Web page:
2016 Indian Scout

Indian-Scout - 20162016 Indian Scout Indian Motorcycle of Mineola
336 Jericho Turnpike
Mineola, NY

Article by Lee Sheridan

Indian’s Chiefs and Fours were always at the head of the company’s catalog, but many would argue it was the Scout that gave Indian its soul. Unveiled in 1920, the middleweight Scout was originally powered by 37ci (600cc) V twin running a three-speed gearbox; it was capable of 60 mph. A hit from the start, the bike quickly gained a reputation for reliability: “You can’t wear out an Indian Scout,” went a catchphrase of the day. Over the next decade, the motor would grow to 45ci (750cc) and lead to the 101 Scout of 1929-31, still regarded by many as the finest Indian ever. The small-displacement Scout and the Sport Scout, introduced in 1934, were continued until the end of civilian production in 1942. Military versions of both models were used by US and other Allied forces during World War II, and then discontinued after that period of time. In 1949 an all-new motorcycle, with an overhead valve straight-twin engine, was called the Scout; it was enlarged and renamed the Warrior in 1950. Between 2001 and 2003, the Indian Motorcycle Company of America, based in Gilroy, California, built a Scout model using proprietary engine and transmission parts.

Today, the legendary heritage of the Indian Scout was carried forward into 2015 after over a decade-long hiatus. The new Scout spent years in the making and was manufactured with the same masterful balance that conquered the ‘Wall of Death’, carried the Wrecking Crew to victory and made the world’s fastest Indian. It was reborn for the 21st century with its sporty style and beefed up performance, but still lists in middleweight category (like its great grand pappy), so that even the novice rider will feel comfortable and in control sitting behind the handlebars.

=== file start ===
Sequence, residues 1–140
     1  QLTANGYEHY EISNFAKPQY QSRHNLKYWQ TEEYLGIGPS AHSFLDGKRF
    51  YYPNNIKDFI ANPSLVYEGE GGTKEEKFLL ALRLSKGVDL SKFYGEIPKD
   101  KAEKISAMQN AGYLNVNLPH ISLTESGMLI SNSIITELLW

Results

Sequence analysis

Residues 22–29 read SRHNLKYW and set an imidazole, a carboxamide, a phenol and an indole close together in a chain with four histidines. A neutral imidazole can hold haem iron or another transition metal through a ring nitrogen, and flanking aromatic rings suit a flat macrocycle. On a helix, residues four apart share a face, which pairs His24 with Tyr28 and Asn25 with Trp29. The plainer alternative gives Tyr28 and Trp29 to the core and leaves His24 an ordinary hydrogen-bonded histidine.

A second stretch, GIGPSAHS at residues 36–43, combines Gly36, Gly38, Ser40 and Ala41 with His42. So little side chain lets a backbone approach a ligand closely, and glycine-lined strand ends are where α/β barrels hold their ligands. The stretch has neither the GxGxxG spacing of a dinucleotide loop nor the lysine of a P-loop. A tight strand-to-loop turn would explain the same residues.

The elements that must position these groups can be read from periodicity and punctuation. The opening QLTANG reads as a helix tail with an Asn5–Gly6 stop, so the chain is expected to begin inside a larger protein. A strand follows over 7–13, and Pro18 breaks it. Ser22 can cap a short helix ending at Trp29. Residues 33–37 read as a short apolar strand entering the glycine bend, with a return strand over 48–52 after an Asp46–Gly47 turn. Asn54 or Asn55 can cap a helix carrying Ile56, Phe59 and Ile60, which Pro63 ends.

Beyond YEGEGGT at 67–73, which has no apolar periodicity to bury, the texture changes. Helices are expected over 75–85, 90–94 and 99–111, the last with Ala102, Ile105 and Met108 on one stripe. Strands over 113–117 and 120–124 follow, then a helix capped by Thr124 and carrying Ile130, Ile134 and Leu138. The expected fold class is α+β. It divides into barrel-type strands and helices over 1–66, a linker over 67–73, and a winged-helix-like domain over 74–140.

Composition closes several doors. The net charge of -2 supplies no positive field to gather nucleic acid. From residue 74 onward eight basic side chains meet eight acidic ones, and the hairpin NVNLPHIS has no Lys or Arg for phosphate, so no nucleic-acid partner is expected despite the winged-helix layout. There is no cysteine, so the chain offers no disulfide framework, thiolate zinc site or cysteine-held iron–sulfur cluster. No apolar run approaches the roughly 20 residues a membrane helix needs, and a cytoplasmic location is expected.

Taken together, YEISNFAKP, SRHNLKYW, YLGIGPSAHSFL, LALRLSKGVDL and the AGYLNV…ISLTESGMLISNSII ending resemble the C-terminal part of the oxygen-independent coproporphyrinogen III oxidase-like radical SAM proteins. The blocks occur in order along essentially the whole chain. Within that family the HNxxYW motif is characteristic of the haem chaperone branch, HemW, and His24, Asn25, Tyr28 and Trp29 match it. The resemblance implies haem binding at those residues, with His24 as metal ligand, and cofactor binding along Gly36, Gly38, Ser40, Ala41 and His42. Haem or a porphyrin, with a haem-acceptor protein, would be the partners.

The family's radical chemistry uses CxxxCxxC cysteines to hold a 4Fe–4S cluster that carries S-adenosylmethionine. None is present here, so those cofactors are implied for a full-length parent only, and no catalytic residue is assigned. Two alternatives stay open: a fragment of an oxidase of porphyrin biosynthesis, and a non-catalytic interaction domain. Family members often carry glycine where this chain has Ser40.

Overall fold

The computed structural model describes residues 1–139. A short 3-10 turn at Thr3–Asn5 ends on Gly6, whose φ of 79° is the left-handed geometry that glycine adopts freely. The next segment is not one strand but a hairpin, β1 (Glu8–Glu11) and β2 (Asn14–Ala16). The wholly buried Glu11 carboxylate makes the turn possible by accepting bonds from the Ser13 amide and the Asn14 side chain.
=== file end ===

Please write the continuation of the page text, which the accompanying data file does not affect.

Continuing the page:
The Scout has cut-down fenders, unlike the rest of the Indian lineup with valenced fenders, and lacks the iconic fender-mounted war bonnet. Still, the Scout is Indian in all the right places. The fat 130-series front tire gives the Scout a great dose of American-cruiser styling. The 69 cubic-inch (1,133 c) engine is the real showpiece for the Scout. Indian engineers reached for connections to its roots through a design that hints at the old pushrod engines. The liquid-cooled, 60-degree V-twin is sharp looking, but make no mistake, its good looks definitely matches its street performance. It puts out 100 ponies and 72.2 pound-feet of torque, but being a short-stroke engine, you have to wind it up to 5,900 rpm to get the full grunt out of it. Still, you can’t deny its power once the throttle is wide open.


Engine: Liquid Cooled V-Twin
Displacement: 69 cu in
Electronic Fuel Injection System: Closed loop fuel injection / 60 mm bore

Primary Drive: Gear Drive Wet Clutch
Final Drive: 2.357: 1
Horsepower: 100 (74.7 kW)
Peak Torque: 72.2 ft-lbs. (97.7 Nm)
Peak Torque RPM: 5900 rpm


Front Brakes: Single / 298 mm Rotor / 2 Piston Caliper
Rear Brakes: Single /298 mm Rotor / 1 Piston Caliper
Front Tires:130/90-16 72H
Rear Tires:150/80-16 71H
Exhaust System: Split dual exhaust with crossover

Gauges- Digital tachometer, odometer, trip meter, engine temp, and low fuel lamp
Lights- Headlight, tail/brake light, turn signals, license plate light, and speedometer and indicator lights